Picture: AFP – Angolan President Jose Eduardo dos Santos, left, and his wife Ana Paula gesture during the final election campaign rally on August 29, 2012, in Kilamba Kaixi.
By Chad Williams
The man accused of creating one of the most corrupt regimes in Africa is as chaotic in death as he was in life. José Eduardo dos Santos died in a Barcelona hospital almost two weeks ago, and his family’s skeletons are starting to emerge from the closet.
Preliminary autopsy results show his death was due to natural causes, a Spanish court said on Monday while ordering further examination. Dos Santos, who ruled the oil-rich African nation with an iron first between 1979 and 2017, died in Barcelona on July 8 at the age of 79 after suffering a cardiac arrest, AFP reported.
Since then, the question of when and where he will be buried has pitted the Angolan government and his widow, Ana Paula, against some of his adult children.
This week, Isabel dos Santos, his daughter – who was once Africa’s richest woman – along with some of her siblings, have decided to allow Dos Santos’s remains to be returned to Angola for a state funeral, but only after the elections there on August 24, to avoid an “unacceptable political use” of the event Portuguese news agency Lusa and Reuters reported earlier this week.
Dos Santos made history by becoming president of Angola at the age of 37, and leaving the seat in 2017, 38 years later, and dying recently at the age of 79.
He frequently described himself as an accidental president, taking the reins after Angola’s first leader, Agostinho Neto, died during cancer surgery in 1979. With Neto having served for only four years and the 37-year-old Dos Santos regarded as a relatively weak outside candidate, few could have imagined he would go on to rule for just shy of four decades.
Dos Santos proved an extremely astute politician. A master-manipulator, he was skilled at exposing rivals and forcing them into line. In 2003, Dos Santos banished his party’s secretary general to a junior position for appearing a little too eager to replace him. João Lourenço would have to wait 14 years to finally get his wish to become Angola’s next president.
“He humiliated people,” Alves da Rocha, a senior economist who worked for many years at the ministry of planning told Reuters. “That’s one of the reasons support for him collapsed once he left office.”
With allegations of rampant corruption during his tenure and with mounting evidence pointing towards his children who have benefited from their father for most of their adult lives, things are starting to get more and more uncomfortable for the Dos Santos offspring. The family have squabbled with Angolan authorities on whether he should be buried in Angola or Barcelona, where he has been living for a number of years. The family had earlier said their father wished to be buried in Spain.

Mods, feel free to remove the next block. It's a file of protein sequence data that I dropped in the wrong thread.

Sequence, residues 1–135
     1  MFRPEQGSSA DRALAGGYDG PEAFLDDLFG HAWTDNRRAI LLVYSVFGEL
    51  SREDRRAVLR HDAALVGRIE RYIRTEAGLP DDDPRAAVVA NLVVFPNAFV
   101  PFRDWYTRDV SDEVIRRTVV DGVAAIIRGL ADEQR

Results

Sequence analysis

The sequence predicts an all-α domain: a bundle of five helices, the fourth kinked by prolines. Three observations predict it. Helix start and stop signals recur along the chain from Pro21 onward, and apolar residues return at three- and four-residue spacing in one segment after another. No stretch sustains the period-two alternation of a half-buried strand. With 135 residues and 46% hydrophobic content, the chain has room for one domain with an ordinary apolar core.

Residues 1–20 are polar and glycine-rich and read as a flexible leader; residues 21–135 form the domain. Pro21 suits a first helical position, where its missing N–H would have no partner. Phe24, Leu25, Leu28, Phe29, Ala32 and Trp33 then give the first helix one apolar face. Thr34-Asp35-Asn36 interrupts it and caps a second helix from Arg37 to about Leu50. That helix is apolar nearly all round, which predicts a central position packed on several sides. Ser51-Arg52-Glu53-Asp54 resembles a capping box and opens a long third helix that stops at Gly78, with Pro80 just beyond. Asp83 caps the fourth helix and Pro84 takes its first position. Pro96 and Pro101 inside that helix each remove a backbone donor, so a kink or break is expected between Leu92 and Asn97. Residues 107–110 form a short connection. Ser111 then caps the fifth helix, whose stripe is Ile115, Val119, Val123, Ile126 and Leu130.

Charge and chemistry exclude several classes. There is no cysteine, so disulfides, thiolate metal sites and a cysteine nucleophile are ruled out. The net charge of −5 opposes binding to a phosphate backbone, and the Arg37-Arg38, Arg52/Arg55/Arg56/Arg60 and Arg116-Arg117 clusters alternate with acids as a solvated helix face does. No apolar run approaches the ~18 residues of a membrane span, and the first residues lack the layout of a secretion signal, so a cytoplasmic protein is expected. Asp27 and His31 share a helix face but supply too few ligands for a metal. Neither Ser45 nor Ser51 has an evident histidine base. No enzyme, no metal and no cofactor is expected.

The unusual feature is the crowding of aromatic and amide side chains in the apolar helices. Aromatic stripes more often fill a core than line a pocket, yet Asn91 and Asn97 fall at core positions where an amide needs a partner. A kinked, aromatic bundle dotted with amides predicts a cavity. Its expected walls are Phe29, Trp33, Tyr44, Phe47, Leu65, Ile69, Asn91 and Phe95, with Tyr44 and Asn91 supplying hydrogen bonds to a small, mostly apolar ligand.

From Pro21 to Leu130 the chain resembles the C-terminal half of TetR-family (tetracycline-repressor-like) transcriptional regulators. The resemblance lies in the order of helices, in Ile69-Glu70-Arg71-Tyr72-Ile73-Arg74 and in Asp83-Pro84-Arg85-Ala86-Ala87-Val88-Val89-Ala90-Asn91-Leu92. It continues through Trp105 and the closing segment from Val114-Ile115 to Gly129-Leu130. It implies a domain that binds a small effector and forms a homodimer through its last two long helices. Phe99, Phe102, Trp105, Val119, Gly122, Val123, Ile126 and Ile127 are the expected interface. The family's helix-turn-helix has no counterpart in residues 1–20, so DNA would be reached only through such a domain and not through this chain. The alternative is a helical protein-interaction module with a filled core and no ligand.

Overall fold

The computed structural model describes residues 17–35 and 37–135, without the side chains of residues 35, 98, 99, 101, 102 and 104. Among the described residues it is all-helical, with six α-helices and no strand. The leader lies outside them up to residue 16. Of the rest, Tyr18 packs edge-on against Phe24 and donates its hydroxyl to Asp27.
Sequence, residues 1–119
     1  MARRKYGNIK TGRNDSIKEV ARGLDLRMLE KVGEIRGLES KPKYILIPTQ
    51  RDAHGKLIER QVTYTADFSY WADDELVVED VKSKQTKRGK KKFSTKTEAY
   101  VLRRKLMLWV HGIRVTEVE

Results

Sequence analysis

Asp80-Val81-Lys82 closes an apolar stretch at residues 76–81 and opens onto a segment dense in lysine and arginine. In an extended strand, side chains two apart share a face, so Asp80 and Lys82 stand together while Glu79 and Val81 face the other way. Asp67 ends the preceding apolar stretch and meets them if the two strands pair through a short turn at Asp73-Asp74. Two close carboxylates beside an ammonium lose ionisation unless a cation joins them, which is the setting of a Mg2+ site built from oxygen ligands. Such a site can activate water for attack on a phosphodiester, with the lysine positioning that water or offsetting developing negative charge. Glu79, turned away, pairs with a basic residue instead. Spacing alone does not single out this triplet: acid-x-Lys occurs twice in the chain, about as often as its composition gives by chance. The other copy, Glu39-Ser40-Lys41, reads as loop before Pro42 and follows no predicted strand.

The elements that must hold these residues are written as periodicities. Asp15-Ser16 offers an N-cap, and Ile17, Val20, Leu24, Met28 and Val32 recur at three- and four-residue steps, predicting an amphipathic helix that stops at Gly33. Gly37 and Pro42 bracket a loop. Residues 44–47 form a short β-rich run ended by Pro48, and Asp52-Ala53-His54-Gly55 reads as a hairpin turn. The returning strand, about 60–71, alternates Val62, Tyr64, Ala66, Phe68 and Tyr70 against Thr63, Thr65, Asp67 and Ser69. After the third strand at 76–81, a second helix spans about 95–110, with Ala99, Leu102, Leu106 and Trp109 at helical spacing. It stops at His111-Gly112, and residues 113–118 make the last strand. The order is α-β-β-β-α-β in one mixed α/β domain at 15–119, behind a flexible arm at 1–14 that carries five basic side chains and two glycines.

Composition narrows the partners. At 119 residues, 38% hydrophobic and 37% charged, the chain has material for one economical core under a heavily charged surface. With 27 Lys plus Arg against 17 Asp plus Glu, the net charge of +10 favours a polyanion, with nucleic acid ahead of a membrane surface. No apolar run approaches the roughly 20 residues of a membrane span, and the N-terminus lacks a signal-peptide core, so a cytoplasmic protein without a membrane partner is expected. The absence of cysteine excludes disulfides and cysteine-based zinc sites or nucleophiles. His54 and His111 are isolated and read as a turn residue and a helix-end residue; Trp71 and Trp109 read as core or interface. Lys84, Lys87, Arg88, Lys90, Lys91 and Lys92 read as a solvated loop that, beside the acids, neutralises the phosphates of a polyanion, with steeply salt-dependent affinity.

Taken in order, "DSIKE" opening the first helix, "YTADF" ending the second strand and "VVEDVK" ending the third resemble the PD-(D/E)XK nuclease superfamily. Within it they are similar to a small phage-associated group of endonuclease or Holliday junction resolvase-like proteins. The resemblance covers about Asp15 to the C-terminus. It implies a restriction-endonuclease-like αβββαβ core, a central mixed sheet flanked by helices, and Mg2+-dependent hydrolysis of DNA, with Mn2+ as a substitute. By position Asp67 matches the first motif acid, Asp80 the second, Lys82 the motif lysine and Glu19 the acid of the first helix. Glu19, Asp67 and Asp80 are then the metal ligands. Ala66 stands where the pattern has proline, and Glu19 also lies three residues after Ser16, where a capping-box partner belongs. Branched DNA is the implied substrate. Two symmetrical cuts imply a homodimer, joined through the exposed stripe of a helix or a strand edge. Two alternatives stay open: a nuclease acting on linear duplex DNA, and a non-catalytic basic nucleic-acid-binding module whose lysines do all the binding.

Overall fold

As he lies in a mortuary in Europe, and until a Spanish court decides whether his mortal remains will be buried in Luanda or in Spain, his children are fighting battles that their father can no longer protect them from, hence the call to be pardoned for their sins.
Five of dos Santos’s children have recently signed a letter, saying they agree to a state funeral in Angola for their father. They also said “consolidating the political heritage” of the former president should involve adopting a “amnesty law” and “ending legal proceedings” against “numerous Angolans”.
Since taking over the reins in 2017, President Lourenço has unleashed an anti-corruption drive that has targeted the Dos Santos family. Isabel was fired as the chairperson of the state-owned oil company, Sonangol and had her accounts and assets in Angola and Portugal frozen. Her half-brother, Jose Filomeno, was prosecuted on charges of taking part in an illegal $500 million transfer abroad toward the end of his father’s 38-year rule. They deny wrongdoing.
Following a large number of legal proceedings filed against the family of the former president, the government of Lourenço has asked a dozen countries to freeze the assets of the Dos Santos family, in particular those of Isabel. Many of the countries see this request as a golden opportunity to forge closer ties with Angola, writes Africa Intelligence.
Following a trial that lasted several months, in 2020, Angolan courts sentenced José Filomeno “Zenu” dos Santos, a son of Dos Santos, to five years in prison for fraud, money laundering and influence peddling.
As Angolans go to the polls next month, the irony is that in death, Dos Santos still has the power to sway the electorate, before his burial in his home country.
Lourenço, at the helm of Africa’s second-biggest oil producer, vowed to clamp down on corruption and authorities targeted Dos Santos’s family and close allies. The president is running for a second term and a state funeral for Dos Santos before the vote could help bolster support for the ruling party, a Bloomberg report revealed this week. – Additional reporting from AFP and Reuters
Chad Williams is a multi-media journalist.